In January of this year, Frontline/World reporter Timothy Lesle published a three-part, video documentary on Huangbaiyu called "China: Green Dreams – A NOT SO model village." Here’s a teaser intro to the report: "The village of Huangbaiyu in rural northeast China was supposed to be a model for energy-conscious design. The initial project was to build 400 sustainable homes, a collaboration between U.S. architect William McDonough and the Chinese. But something went awry. [Timothy Lesle] traveled to the region to investigate." I’m not going to tell the whole story — the series is quite compelling, and Mr. Lesle presents an honest perspective of Chinese urbanization.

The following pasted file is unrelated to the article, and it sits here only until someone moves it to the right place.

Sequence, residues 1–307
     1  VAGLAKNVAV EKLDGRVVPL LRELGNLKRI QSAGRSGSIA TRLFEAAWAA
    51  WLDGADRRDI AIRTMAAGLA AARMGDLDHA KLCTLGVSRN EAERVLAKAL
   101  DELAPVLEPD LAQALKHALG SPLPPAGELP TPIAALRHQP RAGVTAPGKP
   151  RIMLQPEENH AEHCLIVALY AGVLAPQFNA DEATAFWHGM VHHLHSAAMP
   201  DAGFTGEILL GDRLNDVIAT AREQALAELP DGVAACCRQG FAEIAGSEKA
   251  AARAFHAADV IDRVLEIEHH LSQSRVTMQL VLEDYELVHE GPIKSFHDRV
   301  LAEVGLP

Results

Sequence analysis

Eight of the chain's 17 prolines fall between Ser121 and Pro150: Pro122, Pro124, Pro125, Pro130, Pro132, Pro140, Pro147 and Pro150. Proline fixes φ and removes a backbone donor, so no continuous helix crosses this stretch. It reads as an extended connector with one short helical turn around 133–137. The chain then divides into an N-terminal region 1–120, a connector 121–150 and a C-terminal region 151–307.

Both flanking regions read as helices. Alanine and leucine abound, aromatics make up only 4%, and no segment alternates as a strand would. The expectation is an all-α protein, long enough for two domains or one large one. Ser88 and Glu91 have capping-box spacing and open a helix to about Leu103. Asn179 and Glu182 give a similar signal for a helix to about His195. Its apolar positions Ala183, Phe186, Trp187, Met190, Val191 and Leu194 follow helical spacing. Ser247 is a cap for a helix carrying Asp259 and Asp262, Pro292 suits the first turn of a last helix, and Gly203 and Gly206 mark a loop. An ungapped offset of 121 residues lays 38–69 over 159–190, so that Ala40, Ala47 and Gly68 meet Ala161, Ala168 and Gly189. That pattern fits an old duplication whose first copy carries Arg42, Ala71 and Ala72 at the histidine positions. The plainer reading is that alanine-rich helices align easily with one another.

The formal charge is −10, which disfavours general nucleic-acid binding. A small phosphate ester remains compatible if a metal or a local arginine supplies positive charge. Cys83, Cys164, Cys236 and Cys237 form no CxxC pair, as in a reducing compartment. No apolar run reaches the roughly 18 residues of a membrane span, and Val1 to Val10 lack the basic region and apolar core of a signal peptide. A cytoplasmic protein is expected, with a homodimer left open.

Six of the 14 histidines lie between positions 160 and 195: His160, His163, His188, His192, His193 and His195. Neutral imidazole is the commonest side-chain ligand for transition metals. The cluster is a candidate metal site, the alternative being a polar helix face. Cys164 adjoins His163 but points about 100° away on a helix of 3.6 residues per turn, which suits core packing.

But Huangbaiyu has forced me to think about some of the sustainable cities that I’ve blogged about such as Zorlu, Dongtan, Sanya, and Masdar, etc. These ecocities look great on paper, the renderings are beautiful, and the plans are innovative. The question is, however, can we rely on people to live in them, to afford them, and to change if they need to? Are the plans conservative and/or reasonable enough in their forecasts? Can everyone contribute what they’ve promised to contribute to make them a success?
Image credit: Popular Science.